A Letter from Syracuse to the People of Portland
On Tuesday, April 29, people of the Portland area will gather peacefully in support of Mike Hawash, an American citizen who has been detained without charge since March 20. 150 years ago, people of Syracuse, New York also gathered in hopes of freeing another unjustly detained American.
A letter from Syracuse to the people of Portland:
"Fellow citizens! We are here in the most extraordinary circumstances. We are witnessing such a sight as, I pray, we may never look upon again. A man in chains, in Syracuse! ... We have arrested him, confined him and chained him... They say he is a slave. What a term to apply to an American! How does this sound beneath the pole of liberty and the flag of freedom?"
--Samuel Ward, speaking in Clinton Square, Syracuse, N.Y., October 1, 1851
On October 1, 1851, a barrel maker in Syracuse, New York -- an escaped slave named William "Jerry" Henry -- was arrested at his workplace by federal agents on a trumped-up charge of theft. Only when he was safely in chains was he told the real reason for his arrest: the Fugitive Slave Law. Under this law, those suspected of being a runaway slave could be arrested without a warrant, and could be turned over to an alleged master based on that person's word alone. A suspected runaway was entitled to no jury trial, and no testimony on his or her behalf.
During the day, news of Jerry's detention spread throughout the city. By nightfall, a large crowd of Syracusans and others in town for an anti-slavery party convention had gathered outside the jail, beside the Erie Canal in Clinton Square, to demand his release. This crowd of 2,000 people freed Jerry by force that night, and aided his escape to Canada through the Underground Railroad.
The "Jerry Rescue" is commemorated in Syracuse to this day. The Fugitive Slave Law is commemorated nowhere in America to this day.
The Fugitive Slave Law was passed in 1850 to keep the political peace. Born of Congressional horse-trading over the admission of new states to the Union, it codified the notion that a certain class of American (the slave) did not have the rights of other Americans even in a "free" state such as New York. More broadly, it was a law designed to keep down the slave and support the entrenched economic system of the entire country. In so doing, it also conveniently helped address the very real fear in America that potential slave uprisings and rebellions might force Americans to alter their economic system and way of life.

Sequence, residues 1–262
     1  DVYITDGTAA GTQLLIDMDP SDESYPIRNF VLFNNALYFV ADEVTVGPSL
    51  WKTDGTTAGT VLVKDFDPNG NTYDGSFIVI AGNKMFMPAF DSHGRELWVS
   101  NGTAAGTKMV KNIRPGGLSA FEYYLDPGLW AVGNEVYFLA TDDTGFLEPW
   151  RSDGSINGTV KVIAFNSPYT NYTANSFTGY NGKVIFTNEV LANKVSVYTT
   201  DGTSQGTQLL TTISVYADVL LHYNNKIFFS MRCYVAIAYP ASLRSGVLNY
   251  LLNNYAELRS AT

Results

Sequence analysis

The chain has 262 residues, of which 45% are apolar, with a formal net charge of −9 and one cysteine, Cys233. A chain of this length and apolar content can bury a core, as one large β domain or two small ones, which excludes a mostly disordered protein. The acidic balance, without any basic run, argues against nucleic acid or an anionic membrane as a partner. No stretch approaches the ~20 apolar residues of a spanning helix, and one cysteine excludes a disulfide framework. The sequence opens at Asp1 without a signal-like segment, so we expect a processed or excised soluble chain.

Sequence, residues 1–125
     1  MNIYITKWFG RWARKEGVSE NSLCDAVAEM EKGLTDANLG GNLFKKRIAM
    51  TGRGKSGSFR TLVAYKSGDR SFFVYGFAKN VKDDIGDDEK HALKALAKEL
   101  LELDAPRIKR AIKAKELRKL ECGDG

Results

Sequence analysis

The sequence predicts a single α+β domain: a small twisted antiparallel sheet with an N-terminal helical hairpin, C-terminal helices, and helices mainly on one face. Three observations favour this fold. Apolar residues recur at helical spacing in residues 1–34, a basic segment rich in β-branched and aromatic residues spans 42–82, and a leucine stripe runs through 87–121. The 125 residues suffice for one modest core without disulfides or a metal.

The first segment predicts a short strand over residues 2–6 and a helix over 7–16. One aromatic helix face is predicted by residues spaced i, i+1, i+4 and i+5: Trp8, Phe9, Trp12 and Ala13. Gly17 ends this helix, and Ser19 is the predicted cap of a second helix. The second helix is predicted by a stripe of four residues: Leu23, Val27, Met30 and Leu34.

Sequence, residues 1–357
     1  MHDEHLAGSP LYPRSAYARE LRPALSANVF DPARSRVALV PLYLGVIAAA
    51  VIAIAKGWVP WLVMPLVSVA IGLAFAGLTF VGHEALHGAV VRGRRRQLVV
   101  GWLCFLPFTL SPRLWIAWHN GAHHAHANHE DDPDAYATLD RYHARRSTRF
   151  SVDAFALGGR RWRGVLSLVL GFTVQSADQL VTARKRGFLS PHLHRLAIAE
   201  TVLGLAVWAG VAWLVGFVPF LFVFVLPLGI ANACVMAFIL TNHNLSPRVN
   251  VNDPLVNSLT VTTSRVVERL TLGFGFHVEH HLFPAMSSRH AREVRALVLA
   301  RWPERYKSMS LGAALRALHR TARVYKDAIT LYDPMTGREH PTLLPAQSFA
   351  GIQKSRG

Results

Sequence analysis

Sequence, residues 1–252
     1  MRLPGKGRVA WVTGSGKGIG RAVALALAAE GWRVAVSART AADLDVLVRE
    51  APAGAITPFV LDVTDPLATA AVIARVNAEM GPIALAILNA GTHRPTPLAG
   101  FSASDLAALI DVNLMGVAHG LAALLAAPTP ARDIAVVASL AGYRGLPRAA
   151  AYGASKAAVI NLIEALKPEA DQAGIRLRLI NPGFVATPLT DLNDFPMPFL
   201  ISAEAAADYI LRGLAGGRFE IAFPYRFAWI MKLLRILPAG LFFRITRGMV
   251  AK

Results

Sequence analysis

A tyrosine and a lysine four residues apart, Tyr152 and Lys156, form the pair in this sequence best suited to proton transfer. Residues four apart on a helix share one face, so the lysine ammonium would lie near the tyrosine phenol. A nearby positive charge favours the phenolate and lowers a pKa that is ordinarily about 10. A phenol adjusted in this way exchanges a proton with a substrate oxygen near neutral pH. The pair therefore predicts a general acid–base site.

Today, we fear the violence of politically and religiously motivated terrorism. The fears of the Southern slaveholders (and even whites in the North) were of a different sort than ours, but no less intense. We can't forget that the Nat Turner rebellion, and later the raid on Harpers Ferry, were violent crimes that resulted in murder and destruction (while achieving none of their stated aims). History doesn't distance us from the inherent horror of such violence. But it also gives us the light to clearly see that the Fugitive Slave Law -- despite the many rational reasons it was considered a good idea by most Congressmen at the time -- was still morally repugnant all on its own.
Whatever the specific fears of the different generations, the sweeping laws designed to allay them -- and to satisfy the dealmakers in Washington -- have some disturbing similarities. And it seems that these laws' impact on the freedoms of Americans turn out to be pretty much the same.
On March 20 of this year, an American citizen named Mike Hawash was detained as a "material witness" by the FBI in the parking lot of Intel Corp. near Portland, Oregon. Since that day, Hawash has been held without charge in a federal prison. Like other Muslim Americans who have been swept up in the net afforded by aggressive new "Homeland Security" laws, he has not been informed of the charges against him. He has been subjected to secret detention hearings, and the warrant for his detention has also been kept secret.
What are these acts and laws being passed today in the name of "The War on Terror"? These laws, which result in American citizens like Mike Hawash being detained without charge, are also politically expedient laws of appeasement. Not the least, for appeasement of those who demand action in response to the lapsed security on Sept. 11 -- a lapse which federal government agencies have never explained and for which they have never taken responsibility. They are laws designed to keep Muslim American citizens frightened and out of the public square; to satisfy some Americans' hysteria about the dangers of Islamic extremism; and to provide a false sense of security to the American people. This is a false security that helps minimize our consciousness of the anger over our policies toward the rest of the world; a consciousness that might persuade ordinary Americans to reexamine our economic reliance on oil and our way of life.